Rainforest Alberta is a community of nearly 1,000 people who have agreed to embrace and promote the values and principles that are foundational to build a culture of innovation in Alberta.
It was so exciting for us to contribute to building the foundation of Rainforest Alberta and we are excited to watch it continue to grow!
How the Movement Began
The Rainforest Alberta movement began when a few key innovators, Brad Zumwalt, Jim Gibson, Cynthia van Sundert, Evan Hu and David Edmonds, wanted to make Alberta a better place to start and grow tech companies. This movement was inspired by a book titled The Rainforest: The Secret to Building the Next Silicon Valley, written by Victor Hwang and Greg Horowitt.
At a first glance, you might think this book suggests that we create replicas of the Valley all over the world. Instead, it encourages cities to create a custom approach to building a culture of innovation based on six attributes:
- Frameworks, infrastructure and policy
- Role models
- Activities and engagement
Rainforest Alberta creates measurable improvements to Alberta’s culture, increases collisions across industries, and supports the growth of companies within the digital economy.
The Rainforest continues to grow through five major platforms.
The Rainforest Summit
In September 2016, Rainforest Alberta made its debut hosting the first Rainforest Alberta Summit in Banff. Rainforest Strategies, LLP consultants, Henry Doss and Joe Sterling, came to Banff to help our community measure the current state of our culture of innovation, and create the first draft of the Social Contract. The Social Contract outlines 10 values and principles that are key to building a culture of innovation.
Henry and Joe facilitated a full-day session with 60 of Alberta’s top leaders in innovation and technology to provide us with an ecosystem score to benchmark progress. Our first score? 464/1000 (an obvious fail) which is when the goal to reach the 800s by 2020 was set. Since then, Rainforest Alberta has hosted three Summits in Banff and one in Edmonton, bringing sixty new community members together each time to reevaluate our ecosystem score and brainstorm improvements.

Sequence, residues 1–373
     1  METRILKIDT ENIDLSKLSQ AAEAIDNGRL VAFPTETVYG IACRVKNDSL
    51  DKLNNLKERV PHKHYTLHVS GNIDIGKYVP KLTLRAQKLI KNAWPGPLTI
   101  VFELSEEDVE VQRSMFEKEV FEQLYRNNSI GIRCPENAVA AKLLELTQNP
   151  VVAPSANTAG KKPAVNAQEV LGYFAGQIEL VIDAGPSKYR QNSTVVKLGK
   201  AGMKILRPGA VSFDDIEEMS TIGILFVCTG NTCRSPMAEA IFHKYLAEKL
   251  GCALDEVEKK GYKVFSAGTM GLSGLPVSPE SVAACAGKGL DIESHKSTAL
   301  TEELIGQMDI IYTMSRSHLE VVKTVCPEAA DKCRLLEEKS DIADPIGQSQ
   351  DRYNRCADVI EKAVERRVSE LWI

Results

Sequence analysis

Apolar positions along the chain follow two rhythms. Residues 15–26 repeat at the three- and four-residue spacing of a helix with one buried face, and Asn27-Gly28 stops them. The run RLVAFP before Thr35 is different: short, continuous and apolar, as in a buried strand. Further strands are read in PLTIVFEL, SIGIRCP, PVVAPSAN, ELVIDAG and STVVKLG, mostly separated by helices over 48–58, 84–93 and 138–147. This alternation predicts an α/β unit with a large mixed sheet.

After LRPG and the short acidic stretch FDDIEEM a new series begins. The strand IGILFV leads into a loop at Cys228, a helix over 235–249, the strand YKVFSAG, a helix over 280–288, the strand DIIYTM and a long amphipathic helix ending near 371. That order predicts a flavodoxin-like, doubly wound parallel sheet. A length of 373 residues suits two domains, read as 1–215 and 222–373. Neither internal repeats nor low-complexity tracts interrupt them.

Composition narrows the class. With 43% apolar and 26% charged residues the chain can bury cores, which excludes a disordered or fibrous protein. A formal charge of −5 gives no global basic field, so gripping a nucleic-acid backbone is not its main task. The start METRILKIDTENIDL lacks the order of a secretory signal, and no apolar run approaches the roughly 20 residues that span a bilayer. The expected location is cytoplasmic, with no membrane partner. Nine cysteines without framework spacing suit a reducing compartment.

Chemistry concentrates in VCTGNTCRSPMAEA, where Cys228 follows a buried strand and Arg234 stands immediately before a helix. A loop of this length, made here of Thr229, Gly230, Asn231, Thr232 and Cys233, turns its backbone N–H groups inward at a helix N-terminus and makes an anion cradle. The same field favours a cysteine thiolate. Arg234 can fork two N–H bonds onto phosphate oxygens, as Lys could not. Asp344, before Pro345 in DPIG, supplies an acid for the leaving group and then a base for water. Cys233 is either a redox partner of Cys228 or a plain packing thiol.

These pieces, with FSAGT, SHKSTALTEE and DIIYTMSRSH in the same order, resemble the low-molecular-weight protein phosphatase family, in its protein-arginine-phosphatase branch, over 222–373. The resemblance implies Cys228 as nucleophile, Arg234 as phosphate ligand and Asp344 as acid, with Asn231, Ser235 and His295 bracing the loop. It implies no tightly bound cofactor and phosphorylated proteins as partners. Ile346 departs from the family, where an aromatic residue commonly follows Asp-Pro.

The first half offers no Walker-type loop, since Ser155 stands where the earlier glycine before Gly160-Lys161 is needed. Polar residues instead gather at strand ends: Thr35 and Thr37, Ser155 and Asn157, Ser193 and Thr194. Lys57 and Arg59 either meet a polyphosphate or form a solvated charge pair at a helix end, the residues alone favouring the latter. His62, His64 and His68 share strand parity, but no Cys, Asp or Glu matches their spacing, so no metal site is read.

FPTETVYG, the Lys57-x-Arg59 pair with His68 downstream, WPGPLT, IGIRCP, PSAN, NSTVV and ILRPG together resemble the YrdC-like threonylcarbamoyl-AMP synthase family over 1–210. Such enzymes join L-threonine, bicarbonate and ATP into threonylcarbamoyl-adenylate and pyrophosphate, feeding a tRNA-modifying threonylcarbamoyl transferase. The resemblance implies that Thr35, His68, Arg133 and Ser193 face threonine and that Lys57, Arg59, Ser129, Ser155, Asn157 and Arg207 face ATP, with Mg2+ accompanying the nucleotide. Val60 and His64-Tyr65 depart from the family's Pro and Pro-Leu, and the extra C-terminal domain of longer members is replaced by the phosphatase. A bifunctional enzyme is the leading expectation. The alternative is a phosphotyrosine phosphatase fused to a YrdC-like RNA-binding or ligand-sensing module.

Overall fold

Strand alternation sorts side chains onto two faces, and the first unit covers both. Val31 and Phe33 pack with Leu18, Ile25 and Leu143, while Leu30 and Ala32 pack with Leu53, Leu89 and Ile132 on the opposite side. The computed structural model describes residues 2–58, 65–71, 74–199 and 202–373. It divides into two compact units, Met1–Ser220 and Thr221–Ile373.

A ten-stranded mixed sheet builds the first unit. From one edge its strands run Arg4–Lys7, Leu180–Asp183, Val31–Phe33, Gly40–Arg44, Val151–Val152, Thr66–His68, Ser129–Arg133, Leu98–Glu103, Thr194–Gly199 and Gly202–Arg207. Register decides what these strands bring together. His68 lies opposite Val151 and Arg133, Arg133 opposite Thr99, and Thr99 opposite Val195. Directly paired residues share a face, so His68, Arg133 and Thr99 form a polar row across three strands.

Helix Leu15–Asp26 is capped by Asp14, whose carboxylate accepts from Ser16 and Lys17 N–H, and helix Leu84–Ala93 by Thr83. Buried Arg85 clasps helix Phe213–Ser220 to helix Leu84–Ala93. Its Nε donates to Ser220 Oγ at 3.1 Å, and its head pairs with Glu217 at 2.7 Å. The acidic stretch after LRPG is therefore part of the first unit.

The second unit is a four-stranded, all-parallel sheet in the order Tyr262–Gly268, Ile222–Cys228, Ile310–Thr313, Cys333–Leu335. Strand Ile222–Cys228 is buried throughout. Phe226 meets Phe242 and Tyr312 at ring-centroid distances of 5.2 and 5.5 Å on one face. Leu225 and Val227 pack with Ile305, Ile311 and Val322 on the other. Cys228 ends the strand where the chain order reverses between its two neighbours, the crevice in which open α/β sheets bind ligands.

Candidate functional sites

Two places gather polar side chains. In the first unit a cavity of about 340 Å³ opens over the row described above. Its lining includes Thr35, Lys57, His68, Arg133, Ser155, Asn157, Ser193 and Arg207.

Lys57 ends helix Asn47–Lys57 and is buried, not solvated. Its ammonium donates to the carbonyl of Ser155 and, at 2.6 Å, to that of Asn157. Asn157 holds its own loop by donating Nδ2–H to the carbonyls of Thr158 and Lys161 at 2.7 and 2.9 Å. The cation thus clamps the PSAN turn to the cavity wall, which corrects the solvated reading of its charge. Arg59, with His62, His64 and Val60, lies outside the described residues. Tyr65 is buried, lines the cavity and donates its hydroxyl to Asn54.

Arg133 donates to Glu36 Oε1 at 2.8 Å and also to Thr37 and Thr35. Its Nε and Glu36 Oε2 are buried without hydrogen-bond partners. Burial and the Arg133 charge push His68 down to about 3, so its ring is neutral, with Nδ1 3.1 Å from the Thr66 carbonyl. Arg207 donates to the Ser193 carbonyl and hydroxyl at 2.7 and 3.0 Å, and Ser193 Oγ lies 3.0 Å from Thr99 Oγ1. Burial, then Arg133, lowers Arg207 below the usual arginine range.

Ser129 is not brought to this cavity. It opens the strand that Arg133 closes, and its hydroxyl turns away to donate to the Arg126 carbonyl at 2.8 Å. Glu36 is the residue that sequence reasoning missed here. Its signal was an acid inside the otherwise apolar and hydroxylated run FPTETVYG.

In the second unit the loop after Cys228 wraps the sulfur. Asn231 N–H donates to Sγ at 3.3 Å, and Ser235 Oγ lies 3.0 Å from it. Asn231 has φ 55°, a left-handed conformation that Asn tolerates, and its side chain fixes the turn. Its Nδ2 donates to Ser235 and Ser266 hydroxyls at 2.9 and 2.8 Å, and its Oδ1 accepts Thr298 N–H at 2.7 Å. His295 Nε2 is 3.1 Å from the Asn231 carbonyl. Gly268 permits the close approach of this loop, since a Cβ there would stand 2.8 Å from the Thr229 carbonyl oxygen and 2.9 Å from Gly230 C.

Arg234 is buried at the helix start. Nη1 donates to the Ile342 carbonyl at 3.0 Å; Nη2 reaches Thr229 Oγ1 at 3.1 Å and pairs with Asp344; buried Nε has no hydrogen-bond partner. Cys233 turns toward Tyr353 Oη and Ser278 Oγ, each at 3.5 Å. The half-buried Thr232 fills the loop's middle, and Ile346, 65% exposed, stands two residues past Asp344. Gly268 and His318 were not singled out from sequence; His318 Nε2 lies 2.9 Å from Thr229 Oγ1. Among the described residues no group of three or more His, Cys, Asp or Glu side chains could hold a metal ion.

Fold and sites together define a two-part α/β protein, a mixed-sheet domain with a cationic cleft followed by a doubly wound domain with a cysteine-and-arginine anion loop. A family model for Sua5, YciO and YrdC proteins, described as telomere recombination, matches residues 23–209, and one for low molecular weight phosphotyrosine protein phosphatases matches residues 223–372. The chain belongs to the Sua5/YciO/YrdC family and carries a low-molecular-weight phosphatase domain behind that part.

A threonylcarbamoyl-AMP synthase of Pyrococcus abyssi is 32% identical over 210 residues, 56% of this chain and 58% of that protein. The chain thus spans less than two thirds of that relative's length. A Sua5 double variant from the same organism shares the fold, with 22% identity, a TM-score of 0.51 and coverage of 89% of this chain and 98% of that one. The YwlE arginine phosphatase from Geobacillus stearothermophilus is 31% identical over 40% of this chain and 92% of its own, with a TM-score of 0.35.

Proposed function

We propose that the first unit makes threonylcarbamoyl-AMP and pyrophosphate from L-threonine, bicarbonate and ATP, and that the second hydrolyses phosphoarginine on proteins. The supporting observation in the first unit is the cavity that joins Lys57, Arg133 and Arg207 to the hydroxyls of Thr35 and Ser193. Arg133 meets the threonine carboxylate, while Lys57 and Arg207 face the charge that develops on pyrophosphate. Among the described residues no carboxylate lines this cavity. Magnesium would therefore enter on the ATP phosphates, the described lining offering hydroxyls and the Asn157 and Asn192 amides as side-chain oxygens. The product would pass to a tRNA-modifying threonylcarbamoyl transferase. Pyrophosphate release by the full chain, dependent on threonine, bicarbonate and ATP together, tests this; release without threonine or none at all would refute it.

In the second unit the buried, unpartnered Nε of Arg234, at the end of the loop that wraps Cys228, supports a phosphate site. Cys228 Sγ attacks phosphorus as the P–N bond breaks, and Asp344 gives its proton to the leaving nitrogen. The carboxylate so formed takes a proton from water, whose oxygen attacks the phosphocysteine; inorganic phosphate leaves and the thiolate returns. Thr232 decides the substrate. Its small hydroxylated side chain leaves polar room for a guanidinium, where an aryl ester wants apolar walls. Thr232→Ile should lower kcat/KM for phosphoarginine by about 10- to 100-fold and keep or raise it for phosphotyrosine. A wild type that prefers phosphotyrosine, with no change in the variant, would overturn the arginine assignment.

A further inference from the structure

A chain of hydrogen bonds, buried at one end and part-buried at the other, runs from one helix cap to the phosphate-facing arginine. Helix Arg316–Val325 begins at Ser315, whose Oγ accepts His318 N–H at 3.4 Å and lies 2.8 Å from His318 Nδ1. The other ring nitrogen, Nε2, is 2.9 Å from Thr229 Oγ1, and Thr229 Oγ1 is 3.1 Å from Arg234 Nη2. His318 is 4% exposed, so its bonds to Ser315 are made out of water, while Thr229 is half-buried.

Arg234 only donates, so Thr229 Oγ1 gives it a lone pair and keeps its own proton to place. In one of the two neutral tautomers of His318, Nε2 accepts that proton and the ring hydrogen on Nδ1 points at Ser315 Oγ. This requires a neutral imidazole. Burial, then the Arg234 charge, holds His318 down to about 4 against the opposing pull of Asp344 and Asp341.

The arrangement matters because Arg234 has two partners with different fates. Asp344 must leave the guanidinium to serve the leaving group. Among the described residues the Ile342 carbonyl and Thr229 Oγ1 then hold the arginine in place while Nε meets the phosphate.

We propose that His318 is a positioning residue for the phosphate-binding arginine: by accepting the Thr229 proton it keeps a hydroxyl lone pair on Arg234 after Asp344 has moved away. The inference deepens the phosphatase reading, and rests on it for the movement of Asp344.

Here is a summary of the progressive ecosystem scores. ranked out of 1,000:
- September 2016 | 464
- March 2017 | 562
- September 2017 | 610
Rainforest Lunch Without Lunch
A weekly Lunch Without Lunch (referred to as LWOL) began at Assembly Coworking Space in Calgary after the first Summit. What started as a small gathering currently continues to host 65+ people every week, at least 25% of which are new to the community.
LWOL started as a way to begin building community and speed up connections across industries within Calgary. Jim Gibson, one of the founders of Rainforest Alberta and the primary facilitator of LWOL, used to start each session by having each person who was new to the community introduce themselves by answering three questions:
- Who are you?
- What do you need from the community?
- What are you able to give back?
These questions were asked in order to fill the gaps and connect those who needs something with those who are able to provide it, all while encouraging collaboration over autonomy.
We have now hosted over 60 Lunch Without Lunch events across the community including Rainforest on Campus events at the University of Calgary, and other locations including TELUS Spark, The Inc at Innovate Calgary and the Civic Innovation Lab.
Rainforest Alberta Slack Channel
When the community grew legs within such a short amount of time, a Slack community was created to continue facilitating connections. Joining the Slack community requires two things - attending a Lunch Without Lunch and signing the Social Contract.
The Slack community now has almost 800 members and houses discussion around 30 channels with the most popular being ecosystem news, events, entrepreneurs, and introductions. Topics such as blockchain, funding and social enterprise also continue to grow.
Communitech in Waterloo, a poster child for acceleration and technology, says that a culture of innovation needs a pact, a posse and a place. The Social Contract is our pact, and the LWOL and Slack community creates our posse. The only thing missing was place. With the help of Mark Blackwell, Brad Zumwalt, one of the original founders of Rainforest Alberta, spearheaded the search for a place. Nucleus Calgary, sponsored by Cenovus Energy for the next two years, now exists as a community hub at the Oddfellows Building.
Nucleus Calgary is intended to be a place where founders, funders, government, researchers, mentors and supporters can be co-located to create a central hub to help entrepreneurs build and grow companies.
Other amazing initiatives have sprung up from a dedicated group of volunteers including PivotTECH, a full day conference set out to help Calgary’s unemployed and underemployed workforce transition into a tech-focused career and contribute to the digital economy.